David Williamson again digs below the surface of these very Australian characters showing aspects of ourselves that we’d rather keep hidden.  Jealousy, pettiness and greed all surface in these characters as they react to a situation they didn’t see coming.  They judge their new stepmother harshly before they’ve met her and are in for quite a surprise when they get to know her.  Williamson has quite a bit of fun pointing up cultural differences between Australians and Americans here.  You can predict that Fury is going to have more substance than the family expect, but she’s not perfect either.

The cast of seven all give very strong, believable performances.  Annie Last as Fury displays the strengths and weaknesses of her character particularly well.  David James as the son, Ian, brings out every nuance of an affable Australian bloke who’s really masking a whole range of insecurities.

Director, Denis Moore, who also plays Dad, has produced a well-paced production with good, in-depth characterizations from his entire cast.  It’s nicely staged on a simple but effective set by Shaun Gurton and the costumes by Adrienne Chisholm have been well executed.

This is a funny play that makes us think about the judgements we make and the consequences of our actions on others.  David Williamson continues to be the master when it comes to showing ourselves as we really are.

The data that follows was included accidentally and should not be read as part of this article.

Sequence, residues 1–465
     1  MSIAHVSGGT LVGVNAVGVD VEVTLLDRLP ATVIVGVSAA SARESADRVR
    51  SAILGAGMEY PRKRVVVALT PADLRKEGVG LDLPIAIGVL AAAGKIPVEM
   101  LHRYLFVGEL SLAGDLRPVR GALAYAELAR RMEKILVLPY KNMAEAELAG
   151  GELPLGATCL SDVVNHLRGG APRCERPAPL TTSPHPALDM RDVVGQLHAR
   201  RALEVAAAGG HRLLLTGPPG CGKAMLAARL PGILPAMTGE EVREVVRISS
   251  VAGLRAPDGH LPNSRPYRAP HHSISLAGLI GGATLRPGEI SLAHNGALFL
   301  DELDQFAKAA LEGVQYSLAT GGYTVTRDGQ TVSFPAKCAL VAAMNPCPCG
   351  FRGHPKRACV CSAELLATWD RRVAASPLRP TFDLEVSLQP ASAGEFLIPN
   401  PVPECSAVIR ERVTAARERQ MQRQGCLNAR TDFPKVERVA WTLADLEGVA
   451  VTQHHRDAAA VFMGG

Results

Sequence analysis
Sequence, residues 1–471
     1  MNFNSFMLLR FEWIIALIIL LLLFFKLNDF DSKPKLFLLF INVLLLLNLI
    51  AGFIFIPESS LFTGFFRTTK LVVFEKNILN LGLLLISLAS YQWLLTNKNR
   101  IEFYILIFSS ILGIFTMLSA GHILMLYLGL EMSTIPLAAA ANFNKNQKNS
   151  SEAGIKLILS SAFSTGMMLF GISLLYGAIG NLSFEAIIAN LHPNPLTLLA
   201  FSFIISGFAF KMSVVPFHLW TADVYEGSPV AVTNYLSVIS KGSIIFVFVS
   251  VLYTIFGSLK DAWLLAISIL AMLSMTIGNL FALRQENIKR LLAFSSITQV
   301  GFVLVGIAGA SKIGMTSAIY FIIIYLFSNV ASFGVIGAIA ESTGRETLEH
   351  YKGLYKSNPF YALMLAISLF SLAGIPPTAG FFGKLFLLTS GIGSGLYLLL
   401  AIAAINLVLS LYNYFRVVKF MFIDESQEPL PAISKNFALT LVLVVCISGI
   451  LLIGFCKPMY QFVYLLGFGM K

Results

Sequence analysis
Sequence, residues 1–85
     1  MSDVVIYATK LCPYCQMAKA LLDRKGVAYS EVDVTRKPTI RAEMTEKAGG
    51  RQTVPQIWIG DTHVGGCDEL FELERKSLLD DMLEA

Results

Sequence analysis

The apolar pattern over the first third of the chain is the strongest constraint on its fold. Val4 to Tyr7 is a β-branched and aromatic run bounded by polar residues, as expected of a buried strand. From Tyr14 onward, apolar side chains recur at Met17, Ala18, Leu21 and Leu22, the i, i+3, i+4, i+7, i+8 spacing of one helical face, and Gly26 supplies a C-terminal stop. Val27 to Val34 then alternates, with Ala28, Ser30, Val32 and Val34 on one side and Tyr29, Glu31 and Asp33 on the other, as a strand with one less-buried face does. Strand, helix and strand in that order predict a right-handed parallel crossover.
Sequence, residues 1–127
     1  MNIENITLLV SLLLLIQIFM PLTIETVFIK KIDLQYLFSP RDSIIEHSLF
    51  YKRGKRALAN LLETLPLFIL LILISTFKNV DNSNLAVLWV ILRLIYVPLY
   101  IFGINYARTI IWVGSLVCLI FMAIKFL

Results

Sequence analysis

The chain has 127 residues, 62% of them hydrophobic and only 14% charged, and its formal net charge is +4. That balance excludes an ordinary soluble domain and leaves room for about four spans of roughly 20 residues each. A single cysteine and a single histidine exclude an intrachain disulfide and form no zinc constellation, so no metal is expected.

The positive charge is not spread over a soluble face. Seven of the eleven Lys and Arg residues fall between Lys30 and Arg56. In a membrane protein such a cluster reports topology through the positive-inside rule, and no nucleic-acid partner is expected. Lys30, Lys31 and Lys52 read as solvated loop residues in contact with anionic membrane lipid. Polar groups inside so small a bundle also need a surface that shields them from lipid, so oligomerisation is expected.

Saturday, November 16, 2013

"Southern Sky" - The Griffyn Ensemble - Mt Stromlo Observatory, 15 November 2013 - Review by Clinton White

Griffyn Ensemble a tour-de-force through the universe

Sitting in an open, burnt-out telescope dome on a cloudy, rather cool and breezy night did not deter the anticipation of the suitably-dressed capacity audience or the enthusiasm of the six members of The Griffyn Ensemble for their performance of "Southern Sky" by Estonian composer, Urmas Sisask.

Director, Michael Sollis, assured the audience he had a Plan B if rain fell, but the instruments would take priority.  Fair enough, too.  Thankfully, the rain didn't come, apart from a couple of half-hearted spits here and there, so we were able to enjoy uninterrupted the 90-minute, interval-free performance in the rather spooky, ethereal surrounds.

Estonian House had commissioned "Southern Sky", sending Sisask to Australia in the mid-90s to visit observatories and experience Aboriginal rituals.  He was particularly taken with Stromlo and the prominence of bushfire in Aboriginal mythology.  He dedicated a performance of the work in Estonia in 2003 to the people of Canberra - a week before the devastating fires of January 18!

The work is presented in nine sections, all but one carrying at least two movements each.  Each movement is named after a feature of the night sky - a constellation, galaxy, cluster or even a single star.  And each carries a sub-title, some of which seem almost incongruous to the title.  A bonus - a big one, too - was the presence of astronomy practitioner and personality Fred Watson, who introduced each section and told us about the features on whose music we were about to hear.  He was wonderfully laid-back, entertaining and informative.